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Link-Belt Unit to the Rescue! RTC Answers Emergency Calls

Sat June 17, 2000 - West Edition
Construction Equipment Guide

Most electrical power plants, such as the Fayette Power Project in LaGrange, TX, have been on-line for more than 20 years and must be constantly upgraded to comply with newer, more stringent anti-pollution requirements. This is a challenge for many plant operators. The old plants are often being asked to produce more and cheaper electricity at a time when they must frequently be off-line to perform vital preventive maintenance or rehabilitation procedures. Sometimes the equipment called upon to do this work is as old as the power plants themselves.

More than one million people in a 53-county area of east-central Texas depend on the 1,630 megawatts of electricity generated by the three coal-fired power units of Lower Colorado River Authority’s (LCRA) Fayette Power Project. Units 1 and 2 can each produce 590 megawatts or a combined total of 1,180 megawatts of power. Ownership of these is shared equally by the city of Austin and the LCRA. Unit 3 can produce an additional 450 megawatts and is fully owned by the LCRA.

LCRA which operates the Fayette Power Project, is working to maintain and modernize its plant by using a Link-Belt 27-metric-ton (30 ton) capacity rough-terrain crane. The Fayette Power Project recently acquired a new Link-Belt RTC-8030 Series II.

Operator Dan Neiser said, “We needed all the boom and jib we had with the RTC-8030 Series II when we were replacing a 2,000 pound compressor at the top of the Turbine Building at Unit 3. We were working out at about a 68-foot radius. At another location, the Turbine Buildings of Units 1 and 2, we also needed the crane’s maximum reach when we were assisting in the replacement of siding and roofing materials.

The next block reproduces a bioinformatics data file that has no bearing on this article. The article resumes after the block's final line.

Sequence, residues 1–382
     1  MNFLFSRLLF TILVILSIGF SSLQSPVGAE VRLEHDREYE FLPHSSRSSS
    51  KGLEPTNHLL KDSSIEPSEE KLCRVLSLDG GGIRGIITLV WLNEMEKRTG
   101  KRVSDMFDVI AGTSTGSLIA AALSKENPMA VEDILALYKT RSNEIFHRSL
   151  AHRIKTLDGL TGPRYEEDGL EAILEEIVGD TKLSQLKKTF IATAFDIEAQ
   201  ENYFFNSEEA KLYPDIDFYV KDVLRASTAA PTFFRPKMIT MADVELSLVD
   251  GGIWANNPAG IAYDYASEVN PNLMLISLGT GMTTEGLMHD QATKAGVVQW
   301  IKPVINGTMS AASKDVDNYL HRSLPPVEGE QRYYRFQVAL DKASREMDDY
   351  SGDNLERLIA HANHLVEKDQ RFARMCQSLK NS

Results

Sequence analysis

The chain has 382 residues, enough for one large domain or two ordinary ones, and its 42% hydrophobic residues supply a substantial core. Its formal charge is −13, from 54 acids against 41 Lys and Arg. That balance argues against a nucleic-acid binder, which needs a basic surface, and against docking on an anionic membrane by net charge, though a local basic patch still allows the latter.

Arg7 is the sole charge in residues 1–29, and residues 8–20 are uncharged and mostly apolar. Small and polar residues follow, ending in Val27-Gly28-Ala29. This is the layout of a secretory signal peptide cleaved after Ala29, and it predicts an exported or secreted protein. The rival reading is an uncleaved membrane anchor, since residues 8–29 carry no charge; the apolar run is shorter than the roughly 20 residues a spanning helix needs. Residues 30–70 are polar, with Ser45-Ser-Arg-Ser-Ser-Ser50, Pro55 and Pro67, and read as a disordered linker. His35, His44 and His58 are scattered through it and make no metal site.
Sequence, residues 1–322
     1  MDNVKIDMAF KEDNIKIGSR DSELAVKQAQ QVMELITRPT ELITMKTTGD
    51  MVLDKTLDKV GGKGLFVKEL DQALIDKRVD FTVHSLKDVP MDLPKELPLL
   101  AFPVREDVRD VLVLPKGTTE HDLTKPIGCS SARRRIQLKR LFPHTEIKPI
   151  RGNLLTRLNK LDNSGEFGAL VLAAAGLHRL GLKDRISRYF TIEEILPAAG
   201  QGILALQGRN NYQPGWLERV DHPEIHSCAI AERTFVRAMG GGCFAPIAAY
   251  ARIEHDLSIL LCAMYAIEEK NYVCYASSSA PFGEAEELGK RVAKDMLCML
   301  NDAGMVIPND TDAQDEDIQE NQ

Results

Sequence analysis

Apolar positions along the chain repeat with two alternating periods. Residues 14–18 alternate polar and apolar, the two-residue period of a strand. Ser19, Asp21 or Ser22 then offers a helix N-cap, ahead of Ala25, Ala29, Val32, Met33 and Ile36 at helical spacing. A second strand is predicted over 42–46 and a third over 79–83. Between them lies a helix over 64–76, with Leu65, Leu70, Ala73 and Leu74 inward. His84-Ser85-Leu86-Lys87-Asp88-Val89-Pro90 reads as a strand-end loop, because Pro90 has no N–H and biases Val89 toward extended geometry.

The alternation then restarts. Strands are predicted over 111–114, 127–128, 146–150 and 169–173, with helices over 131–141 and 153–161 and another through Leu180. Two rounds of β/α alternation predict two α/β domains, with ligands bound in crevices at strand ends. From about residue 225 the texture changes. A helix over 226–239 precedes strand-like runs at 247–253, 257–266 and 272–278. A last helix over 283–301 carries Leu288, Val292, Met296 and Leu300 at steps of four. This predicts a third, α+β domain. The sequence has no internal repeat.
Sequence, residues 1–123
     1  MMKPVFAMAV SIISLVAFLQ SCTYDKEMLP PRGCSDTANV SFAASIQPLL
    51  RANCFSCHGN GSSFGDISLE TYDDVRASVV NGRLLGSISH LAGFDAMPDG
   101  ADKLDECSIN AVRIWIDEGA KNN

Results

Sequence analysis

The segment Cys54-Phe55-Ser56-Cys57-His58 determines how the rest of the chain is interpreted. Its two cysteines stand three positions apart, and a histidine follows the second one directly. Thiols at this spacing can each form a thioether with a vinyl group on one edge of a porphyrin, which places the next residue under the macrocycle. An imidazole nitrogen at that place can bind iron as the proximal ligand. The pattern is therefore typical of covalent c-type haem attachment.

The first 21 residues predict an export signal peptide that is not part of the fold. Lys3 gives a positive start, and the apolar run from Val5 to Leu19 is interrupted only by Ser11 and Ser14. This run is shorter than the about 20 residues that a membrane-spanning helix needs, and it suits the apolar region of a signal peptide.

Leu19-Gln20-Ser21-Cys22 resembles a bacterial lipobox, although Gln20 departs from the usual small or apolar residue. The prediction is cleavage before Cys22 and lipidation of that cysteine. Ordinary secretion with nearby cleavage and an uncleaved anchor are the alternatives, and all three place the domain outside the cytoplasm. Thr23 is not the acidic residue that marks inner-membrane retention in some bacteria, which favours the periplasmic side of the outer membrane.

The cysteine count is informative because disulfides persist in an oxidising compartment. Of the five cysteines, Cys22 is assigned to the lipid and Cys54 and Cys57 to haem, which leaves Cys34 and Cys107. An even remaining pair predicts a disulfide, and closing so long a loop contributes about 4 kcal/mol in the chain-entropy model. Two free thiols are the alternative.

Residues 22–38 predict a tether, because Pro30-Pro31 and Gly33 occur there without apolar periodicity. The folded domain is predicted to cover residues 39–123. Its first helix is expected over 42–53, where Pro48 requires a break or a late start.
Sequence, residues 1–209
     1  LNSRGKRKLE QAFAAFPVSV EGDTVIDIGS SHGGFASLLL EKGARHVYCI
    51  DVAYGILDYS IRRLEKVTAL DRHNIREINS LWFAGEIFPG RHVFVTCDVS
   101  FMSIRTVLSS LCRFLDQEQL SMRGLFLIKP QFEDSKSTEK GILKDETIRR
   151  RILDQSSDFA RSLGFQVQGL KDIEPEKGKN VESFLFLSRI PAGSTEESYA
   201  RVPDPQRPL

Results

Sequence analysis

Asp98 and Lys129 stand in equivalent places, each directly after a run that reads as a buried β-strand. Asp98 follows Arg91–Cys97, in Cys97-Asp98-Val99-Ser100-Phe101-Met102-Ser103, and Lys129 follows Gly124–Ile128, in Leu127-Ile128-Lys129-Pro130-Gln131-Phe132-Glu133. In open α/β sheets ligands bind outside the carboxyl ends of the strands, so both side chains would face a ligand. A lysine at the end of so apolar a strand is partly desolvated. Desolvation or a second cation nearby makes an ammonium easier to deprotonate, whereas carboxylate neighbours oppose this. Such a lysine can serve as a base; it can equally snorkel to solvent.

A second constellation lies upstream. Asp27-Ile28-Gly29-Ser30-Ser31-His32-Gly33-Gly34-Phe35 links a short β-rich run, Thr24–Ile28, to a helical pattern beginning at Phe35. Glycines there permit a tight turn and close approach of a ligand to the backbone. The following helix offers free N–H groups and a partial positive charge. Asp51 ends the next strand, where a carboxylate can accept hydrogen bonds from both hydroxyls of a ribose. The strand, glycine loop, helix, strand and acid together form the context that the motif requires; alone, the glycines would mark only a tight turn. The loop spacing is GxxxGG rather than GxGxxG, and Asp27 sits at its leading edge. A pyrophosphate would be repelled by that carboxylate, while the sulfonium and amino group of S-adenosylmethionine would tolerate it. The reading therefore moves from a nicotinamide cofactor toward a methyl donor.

“Here the boom angle was around 57 degrees and the individual load weights varied from 500 to 1,000 pounds. We also needed maximum reach when we were placing tool sheds and materials on our own maintenance building,” continued Neiser, who also is responsible for crane maintenance.

“We use the crane around the facility in a variety of applications. Probably the most important of these is that it always be ready to perform when we are. Since the plant operates 24 hours a day, seven days a week, 52 weeks a year, our crane must also. When it is needed, it is needed right then,” said Ken Brothers, planner.

“As a planner, it is my responsibility to schedule the crane’s use for the routine maintenance tasks. This is easy; I’ve been here for over 20 years and know the routine. It’s the unexpected that is almost impossible to schedule. If an incident occurs in the middle of the night that requires an emergency response by a crew, there’s a good possibility that they might need a crane, too. That’s when we really depend on the reliability of a machine,” said Brothers.

“We were in a period of relative calm at the shop one day when the typical call for the crane came in,” continued Brothers. “A crew working on the limestone conveyor belts needed assistance in replacing some worn roller units. We needed the boom fully extended but didn’t require the jib. The working radius was 57 feet with about a 49-degree boom angle to lift the 900-pound roller assemblies. It was a typical ’in and out’ operation and we were back at the shop in a short time. One of the many reasons for having chosen a rough terrain version hydraulic crane is that the crew is often called upon to service areas around the Fayette Power Projects water intake and dam structures. These are offroad locations and require the additional handling capabilities provided by the RTC-8030 Series II.”

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